« In These States, You Can Now See How Much Districts Spent on Each School | Main | Rhode Island Governor Picks New York Latina, ELL Expert to Serve as Next Commissioner »

Texas Law Now Lets Some Districts Grade Themselves

Texas' school districts hate their state's report cards for districts.

When the state rolled out its new accountability system under the Every Student Succeeds Act late last year, local superintendents en masse sent letters home to their students' parents telling them that the letter grade report cards were flawed, simplistic evaluations of their schools. (Texas' report card gives districts a grade based mostly on how they performed on the state's test known as STAAR.)

Now, some of the state's district administrators are about to get a reprieve, according to a recent story in the Houston Chronicle

Under a law passed by the legislature in 2017, districts that get special state approval can craft their own accountability system using several metrics, including student attendance, extracurricular activities, and discipline. The state will then use the district's own rating for up to half its final state rating.

State politicians and many civil rights activists have long been skeptical of districts rating themselves, arguing they're not likely to be objective. Similarly, districts, like states, have a difficult time collecting accurate information about what goes on in schools. This historically has limited the metrics officials can use when trying to design more comprehensive accountability systems. 

It's not clear if the state's new grading system would be compliant under ESSA.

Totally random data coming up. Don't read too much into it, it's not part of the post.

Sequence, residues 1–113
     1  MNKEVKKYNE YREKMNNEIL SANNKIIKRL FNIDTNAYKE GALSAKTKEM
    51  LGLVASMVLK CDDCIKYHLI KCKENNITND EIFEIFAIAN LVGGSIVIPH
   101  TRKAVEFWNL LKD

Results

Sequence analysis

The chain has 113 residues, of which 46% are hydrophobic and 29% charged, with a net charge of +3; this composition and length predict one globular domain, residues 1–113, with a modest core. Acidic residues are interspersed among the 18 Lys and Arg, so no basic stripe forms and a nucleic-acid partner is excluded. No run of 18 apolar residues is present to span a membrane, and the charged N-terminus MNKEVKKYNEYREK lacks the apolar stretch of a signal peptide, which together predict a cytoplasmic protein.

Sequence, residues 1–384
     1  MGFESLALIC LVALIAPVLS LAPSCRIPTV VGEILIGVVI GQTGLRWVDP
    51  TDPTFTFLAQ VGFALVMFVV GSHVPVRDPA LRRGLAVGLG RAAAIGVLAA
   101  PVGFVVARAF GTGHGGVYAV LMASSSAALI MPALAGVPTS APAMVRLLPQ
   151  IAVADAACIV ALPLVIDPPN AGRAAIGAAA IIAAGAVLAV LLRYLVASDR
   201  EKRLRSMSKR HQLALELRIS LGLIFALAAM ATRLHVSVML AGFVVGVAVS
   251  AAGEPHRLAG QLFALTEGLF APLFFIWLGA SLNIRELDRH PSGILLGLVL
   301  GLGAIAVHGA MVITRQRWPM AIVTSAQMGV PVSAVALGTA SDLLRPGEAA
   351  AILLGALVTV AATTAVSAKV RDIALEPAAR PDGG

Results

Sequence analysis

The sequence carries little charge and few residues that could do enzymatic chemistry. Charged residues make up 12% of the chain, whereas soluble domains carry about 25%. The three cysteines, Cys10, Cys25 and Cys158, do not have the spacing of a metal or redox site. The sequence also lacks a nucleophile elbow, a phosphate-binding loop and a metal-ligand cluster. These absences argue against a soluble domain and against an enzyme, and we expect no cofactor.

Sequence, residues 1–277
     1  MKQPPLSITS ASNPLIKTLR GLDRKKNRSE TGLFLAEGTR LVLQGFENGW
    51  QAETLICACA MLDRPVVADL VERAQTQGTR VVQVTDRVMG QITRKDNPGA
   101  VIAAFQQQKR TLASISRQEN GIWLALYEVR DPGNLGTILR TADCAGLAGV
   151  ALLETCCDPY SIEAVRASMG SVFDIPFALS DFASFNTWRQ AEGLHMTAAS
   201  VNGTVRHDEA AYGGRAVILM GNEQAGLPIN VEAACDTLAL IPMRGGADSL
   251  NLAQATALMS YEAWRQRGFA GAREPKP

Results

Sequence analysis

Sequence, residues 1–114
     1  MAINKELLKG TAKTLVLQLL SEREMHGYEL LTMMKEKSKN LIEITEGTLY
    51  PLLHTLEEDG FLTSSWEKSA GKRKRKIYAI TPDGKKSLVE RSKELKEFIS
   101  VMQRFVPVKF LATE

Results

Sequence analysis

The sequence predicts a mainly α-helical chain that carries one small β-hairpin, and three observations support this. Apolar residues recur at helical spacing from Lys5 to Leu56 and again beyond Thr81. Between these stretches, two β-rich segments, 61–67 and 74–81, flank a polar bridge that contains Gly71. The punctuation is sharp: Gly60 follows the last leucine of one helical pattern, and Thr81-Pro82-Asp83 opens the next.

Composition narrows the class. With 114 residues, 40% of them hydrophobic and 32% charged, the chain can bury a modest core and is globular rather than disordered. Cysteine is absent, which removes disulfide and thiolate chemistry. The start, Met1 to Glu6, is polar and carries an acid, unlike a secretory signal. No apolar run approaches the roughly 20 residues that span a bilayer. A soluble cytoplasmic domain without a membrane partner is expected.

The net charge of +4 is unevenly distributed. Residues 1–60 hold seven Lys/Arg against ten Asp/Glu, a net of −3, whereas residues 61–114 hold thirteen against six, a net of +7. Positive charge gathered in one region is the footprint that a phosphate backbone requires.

Meanwhile, the state's senators are devising a new school funding formula that would reward some schools with high test scores.

The Texas Education Agency said in a statement to the Houston Chronicle that officials are "still working with pilot districts to find the right approach to setting cut scores that reflect a shared rigorous expectation for students." The department added that it "isn't necessarily a goal to ensure consistency between state and local components."

Don't miss another State EdWatch post. Sign up here to get news alerts in your email inbox. And make sure to follow @StateEdWatch on Twitter for the latest news from state K-12 policy and politics. 

Notice: We recently upgraded our comments. (Learn more here.) If you are logged in as a subscriber or registered user and already have a Display Name on edweek.org, you can post comments. If you do not already have a Display Name, please create one here.
Ground Rules for Posting
We encourage lively debate, but please be respectful of others. Profanity and personal attacks are prohibited. By commenting, you are agreeing to abide by our user agreement.
All comments are public.


Most Viewed on Education Week



Recent Comments